Different shows placed different needs on their casts: there was never any "no mustache" rule for corporate or film employees. Someone once told me they thought that Walt himself felt trapped by his own mustache. He didn't really care about them one way or the other. But after the television show he had really become a well know and popular character. Since he was now "Uncle Walt", he had no choice but to continue the image, and the mustache. The Disneyland appearance code was never an issue until the late 1960's when everything "establishment" was being attacked. Walt's mustache and Disneyland's policy was held up as hypocrisy and just another example of how The Man was "keeping us down, man". It wasn't either, but the accusation still gets thrown around today.
Lastly, "business oriented" and "self indulgent" are not two phrase ever associated with Walt Disney. Arguable the two most "business" moves he made was 'Dumbo' and the original Disneyland television show. The first movie was a quick inexpensive film he needed to generate cash at the start of WWII. He was being pressured to make a sequel to 'Snow White' – a smarter business move – but he insisted that originality and quality would serve the company better in the long run. He was right. The Disneyland TV show can after being pestered for years by the networks. Walt held out for control; neither CBS nor NBC would give him that. He held out until the upstart ABC agreed to his demands; then Walt talked them into footing 1/3 of the bill for Disneyland. And then spent the next year hyping the park. Not a bad business move, and one that certainly vastly better synergy than hosting 100 hours of cheerleader competition from the 'Indiana Jones Stunt Show' stage (which is all the current management seems capable of).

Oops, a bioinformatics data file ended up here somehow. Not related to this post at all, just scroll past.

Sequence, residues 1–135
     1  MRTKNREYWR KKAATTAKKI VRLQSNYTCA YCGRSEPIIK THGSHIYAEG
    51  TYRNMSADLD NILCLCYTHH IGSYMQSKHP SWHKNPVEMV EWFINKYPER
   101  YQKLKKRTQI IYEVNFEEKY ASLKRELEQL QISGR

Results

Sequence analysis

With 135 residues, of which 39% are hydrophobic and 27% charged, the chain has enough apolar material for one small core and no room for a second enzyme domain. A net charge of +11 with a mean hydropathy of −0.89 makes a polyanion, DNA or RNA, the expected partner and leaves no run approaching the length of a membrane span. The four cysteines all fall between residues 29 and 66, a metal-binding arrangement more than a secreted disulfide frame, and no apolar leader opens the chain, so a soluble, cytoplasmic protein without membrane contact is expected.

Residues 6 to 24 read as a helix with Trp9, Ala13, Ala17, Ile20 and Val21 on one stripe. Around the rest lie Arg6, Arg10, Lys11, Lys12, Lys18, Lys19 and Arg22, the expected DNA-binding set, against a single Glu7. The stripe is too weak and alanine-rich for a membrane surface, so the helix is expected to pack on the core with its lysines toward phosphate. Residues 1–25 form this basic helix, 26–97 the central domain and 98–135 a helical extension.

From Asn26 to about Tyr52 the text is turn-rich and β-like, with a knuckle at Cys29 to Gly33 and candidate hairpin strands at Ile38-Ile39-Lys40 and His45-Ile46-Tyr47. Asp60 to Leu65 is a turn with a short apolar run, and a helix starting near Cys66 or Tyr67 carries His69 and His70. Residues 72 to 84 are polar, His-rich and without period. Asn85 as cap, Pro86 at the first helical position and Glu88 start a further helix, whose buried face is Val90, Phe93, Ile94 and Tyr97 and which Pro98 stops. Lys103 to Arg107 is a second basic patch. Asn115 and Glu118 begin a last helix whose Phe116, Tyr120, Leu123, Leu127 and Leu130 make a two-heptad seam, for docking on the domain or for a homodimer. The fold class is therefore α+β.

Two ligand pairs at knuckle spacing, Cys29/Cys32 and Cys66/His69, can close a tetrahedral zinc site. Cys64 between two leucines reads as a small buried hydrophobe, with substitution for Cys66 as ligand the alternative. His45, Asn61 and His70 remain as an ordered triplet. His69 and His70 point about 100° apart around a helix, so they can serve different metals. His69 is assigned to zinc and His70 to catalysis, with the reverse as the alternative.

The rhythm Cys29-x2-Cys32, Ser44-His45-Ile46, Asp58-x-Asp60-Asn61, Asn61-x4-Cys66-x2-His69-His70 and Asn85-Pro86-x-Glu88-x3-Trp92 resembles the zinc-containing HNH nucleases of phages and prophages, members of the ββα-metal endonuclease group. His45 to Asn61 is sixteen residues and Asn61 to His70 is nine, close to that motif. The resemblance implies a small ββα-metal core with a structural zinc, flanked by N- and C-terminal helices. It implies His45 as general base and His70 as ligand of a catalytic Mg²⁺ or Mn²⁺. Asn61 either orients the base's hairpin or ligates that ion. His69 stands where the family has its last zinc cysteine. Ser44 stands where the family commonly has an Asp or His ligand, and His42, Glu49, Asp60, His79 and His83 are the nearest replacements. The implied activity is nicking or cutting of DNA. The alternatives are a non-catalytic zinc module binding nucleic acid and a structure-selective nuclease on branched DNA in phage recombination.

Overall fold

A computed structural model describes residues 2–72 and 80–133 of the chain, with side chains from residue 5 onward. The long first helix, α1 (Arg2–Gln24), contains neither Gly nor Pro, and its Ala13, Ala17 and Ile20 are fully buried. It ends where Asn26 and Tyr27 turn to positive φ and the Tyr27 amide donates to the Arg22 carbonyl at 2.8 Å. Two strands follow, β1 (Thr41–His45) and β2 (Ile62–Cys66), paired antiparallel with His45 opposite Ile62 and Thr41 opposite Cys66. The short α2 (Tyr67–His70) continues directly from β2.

As for self indulgent – he sold his vacation home and cashed in his life insurance policy to fund Disneyland (and, buy the way, he also set up WED Enterprises with his own money as well). Once again, Mr. Pirate, why must you insist on these silly little word games that try to give false impressions? It is perfectly possible to enjoy WDW today without having to tear down past accomplishments.
04-08-2003, 08:06 AM
Thanks for the wonderful explanation on the Company despite your disagrement on Walt with me. Also, it wasn't my itnent to "tear down" Walt's life or accomplishments only to put them in another perspective.
While you don't see him as 'self indulgent' there have been many, many things written that do charcterize him in this light. The fact that he may have "mortgaged the farm" so to speak could be viewed as him being the creative and totally positive person as you see, but it could also be seen as someone doing whatever it takes to do it his way, on his terms whle beholding to as few people as possible meaning perhaps less resources but much greater control. The end result of both of our views is the same however and I agree with you about that, but you must agree that he was on the brink more than once because of his stubborn dogedness and we were all somewhat fortunate that the end result was as positive as it was (i.e. it certainly could have been worse).
Anyway, thanks again for the discussion and I will try and express my view in a less inflamatory manner (I see that I have been antagonistic).